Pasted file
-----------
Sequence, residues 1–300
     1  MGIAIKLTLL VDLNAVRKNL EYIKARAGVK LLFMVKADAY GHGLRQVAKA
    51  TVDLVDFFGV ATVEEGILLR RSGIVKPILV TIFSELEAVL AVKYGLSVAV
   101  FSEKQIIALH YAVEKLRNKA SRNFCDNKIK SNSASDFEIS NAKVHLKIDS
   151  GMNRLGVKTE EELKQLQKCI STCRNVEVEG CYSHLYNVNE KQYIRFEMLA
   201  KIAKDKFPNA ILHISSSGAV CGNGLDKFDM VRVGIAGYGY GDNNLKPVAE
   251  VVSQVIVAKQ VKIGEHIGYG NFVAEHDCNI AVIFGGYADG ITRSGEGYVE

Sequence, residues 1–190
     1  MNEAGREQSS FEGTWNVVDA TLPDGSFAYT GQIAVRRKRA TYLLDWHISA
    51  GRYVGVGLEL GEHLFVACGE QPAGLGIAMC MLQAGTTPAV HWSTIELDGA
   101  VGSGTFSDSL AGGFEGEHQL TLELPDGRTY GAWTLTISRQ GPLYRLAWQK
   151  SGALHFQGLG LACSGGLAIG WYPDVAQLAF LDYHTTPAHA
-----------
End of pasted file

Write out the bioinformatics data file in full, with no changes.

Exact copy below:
Sequence, residues 1–300
     1  MGIAIKLTLL VDLNAVRKNL EYIKARAGVK LLFMVKADAY GHGLRQVAKA
    51  TVDLVDFFGV ATVEEGILLR RSGIVKPILV TIFSELEAVL AVKYGLSVAV
   101  FSEKQIIALH YAVEKLRNKA SRNFCDNKIK SNSASDFEIS NAKVHLKIDS
   151  GMNRLGVKTE EELKQLQKCI STCRNVEVEG CYSHLYNVNE KQYIRFEMLA
   201  KIAKDKFPNA ILHISSSGAV CGNGLDKFDM VRVGIAGYGY GDNNLKPVAE
   251  VVSQVIVAKQ VKIGEHIGYG NFVAEHDCNI AVIFGGYADG ITRSGEGYVE

Sequence, residues 1–190
     1  MNEAGREQSS FEGTWNVVDA TLPDGSFAYT GQIAVRRKRA TYLLDWHISA
    51  GRYVGVGLEL GEHLFVACGE QPAGLGIAMC MLQAGTTPAV HWSTIELDGA
   101  VGSGTFSDSL AGGFEGEHQL TLELPDGRTY GAWTLTISRQ GPLYRLAWQK
   151  SGALHFQGLG LACSGGLAIG WYPDVAQLAF LDYHTTPAHA